ICANN Resolutions » Consideration of Reconsideration Request 16-12: Merck KGaA (.MERCK)

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Consideration of Reconsideration Request 16-12: Merck KGaA (.MERCK)


Resolution of the ICANN Board
Meeting Date: 
周日, 27 一月 2019
Resolution Number: 
2019.01.27.25
Resolution Text: 

Whereas, Merck KGaA (Requestor) submitted a community-based application for .MERCK (the Application), which was placed in a contention set with other .MERCK applications.

Whereas, the Requestor participated in Community Priority Evaluation (CPE) and but did not prevail.

Whereas, the Requestor submitted Reconsideration Request 16-12, seeking reconsideration of the CPE report of its Application, and ICANN organization's acceptance of that CPE report.

Whereas, while Request 16-12 was pending, the Board directed ICANN organization to undertake a review of the CPE process (the CPE Process Review). The Board Governance Committee determined that the pending Reconsideration Requests regarding the CPE process, including Request 16-12, would be placed on hold until the CPE Process Review was completed.56

Whereas, on 13 December 2017, ICANN org published three reports on the CPE Process Review (CPE Process Review Reports).

Whereas, on 15 March 2018, the Board passed Resolutions 2018.03.15.08 through 2018.03.15.11, which acknowledged and accepted the findings set forth in the CPE Process Review Reports, declared that the CPE Process Review was complete, concluded that, as a result of the findings in the CPE Process Review Reports, there would be no overhaul or change to the CPE process for this current round of the New gTLD Program, and directed the Board Accountability Mechanism Committee (BAMC) to move forward with consideration of the remaining Reconsideration Requests relating to the CPE process that were placed on hold pending completion of the CPE Process Review.

Whereas, in accordance with Resolutions 2018.03.15.08 through 2018.03.15.11, the BAMC invited the Requestor to submit additional materials and to make a presentation to the BAMC in support of Request 16-12.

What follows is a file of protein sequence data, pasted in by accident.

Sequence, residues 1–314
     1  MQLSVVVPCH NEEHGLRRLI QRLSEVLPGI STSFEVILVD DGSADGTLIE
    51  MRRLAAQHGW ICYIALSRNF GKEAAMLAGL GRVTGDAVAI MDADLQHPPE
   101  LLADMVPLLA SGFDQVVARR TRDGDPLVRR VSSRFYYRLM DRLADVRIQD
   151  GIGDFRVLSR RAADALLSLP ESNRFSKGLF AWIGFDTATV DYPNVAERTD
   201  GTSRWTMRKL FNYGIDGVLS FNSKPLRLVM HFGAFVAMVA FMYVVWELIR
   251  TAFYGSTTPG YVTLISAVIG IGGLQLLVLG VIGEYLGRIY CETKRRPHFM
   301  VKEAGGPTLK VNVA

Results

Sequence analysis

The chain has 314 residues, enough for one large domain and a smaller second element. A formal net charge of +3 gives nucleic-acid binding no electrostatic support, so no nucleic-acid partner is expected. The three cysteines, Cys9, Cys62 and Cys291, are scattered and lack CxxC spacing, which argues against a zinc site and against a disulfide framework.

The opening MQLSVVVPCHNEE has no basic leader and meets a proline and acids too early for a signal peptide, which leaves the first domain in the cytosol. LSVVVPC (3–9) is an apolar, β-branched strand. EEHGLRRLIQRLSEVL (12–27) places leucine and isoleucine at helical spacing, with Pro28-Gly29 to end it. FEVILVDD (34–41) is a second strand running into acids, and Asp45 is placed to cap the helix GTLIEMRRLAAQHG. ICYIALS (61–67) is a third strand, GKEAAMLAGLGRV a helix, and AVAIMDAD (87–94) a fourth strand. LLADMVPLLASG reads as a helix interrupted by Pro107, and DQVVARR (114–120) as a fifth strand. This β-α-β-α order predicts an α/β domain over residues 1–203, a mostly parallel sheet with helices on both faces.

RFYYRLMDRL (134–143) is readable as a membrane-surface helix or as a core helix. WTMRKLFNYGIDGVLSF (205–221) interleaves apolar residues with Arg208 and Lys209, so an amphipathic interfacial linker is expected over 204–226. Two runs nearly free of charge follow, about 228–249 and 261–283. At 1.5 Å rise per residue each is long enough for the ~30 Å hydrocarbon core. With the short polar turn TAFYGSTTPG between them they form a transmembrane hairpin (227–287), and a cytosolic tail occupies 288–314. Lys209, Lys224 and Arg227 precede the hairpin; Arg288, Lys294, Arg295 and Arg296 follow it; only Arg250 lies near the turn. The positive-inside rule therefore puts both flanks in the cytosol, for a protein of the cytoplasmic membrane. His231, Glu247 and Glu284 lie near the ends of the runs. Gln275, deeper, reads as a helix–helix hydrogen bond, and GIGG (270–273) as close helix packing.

Whereas, the Requestor submitted additional materials in support and made a telephonic presentation to the BAMC in support of Request 16-12; the Requestor also submitted a written summary of its telephonic presentation to the BAMC.

Whereas, the BAMC has carefully considered the merits of Request 16-12 and all relevant materials and has recommended that Request 16-12 be denied because the CPE Provider did not violate any established policies or procedure in its evaluation of Criterion 2 and ICANN org's acceptance of the CPE Provider's Report complied with established policies.

Whereas, the Board has carefully considered the BAMC's Recommendation on Request 16-12 and all relevant materials related to Request 16-12 and the Board agrees with the BAMC's Recommendation.

Resolved (2019.01.27.25), the Board adopts the BAMC Recommendation on Request 16-12.

Rationale for Resolution: 

Brief Summary and Recommendation
The full factual background is set forth in the BAMC Recommendation on Request 16-12 (BAMC Recommendation), which the Board has reviewed and considered, and which is incorporated here.

On 14 December 2018, the BAMC evaluated Request 16-12 and all relevant materials and recommended that the Board deny Request 16-12 because the CPE Provider did not violate any established policies or procedure in its evaluation of Criterion 2 and that ICANN organization's acceptance of the CPE Provider's Report complied with established policies.

The Board has carefully considered the BAMC's Recommendation and all relevant materials related to Request 16-12, and the Board agrees with the BAMC's Recommendation.

Issue
The issues are as follows:

Whether the CPE Provider adhered to the Guidebook in its application of Criterion 2, Nexus between Proposed String and Community, in the CPE Report;
Whether ICANN org complied with applicable policies and procedures when it accepted the CPE Report;
Whether ICANN org must disclose documentary information and communications between ICANN org and the CPE Provider relating to the Application; and
Whether the Board complied with applicable Commitments, Core Values, and policies when it acknowledged and accepted the findings set forth in the CPE Process Review Reports.
These issues are considered under the relevant standards for reconsideration requests in effect at the time that Request 16-12 was submitted. These standards are discussed in detail in the BAMC Recommendation.

Analysis and Rationale
The CPE Criteria and Procedures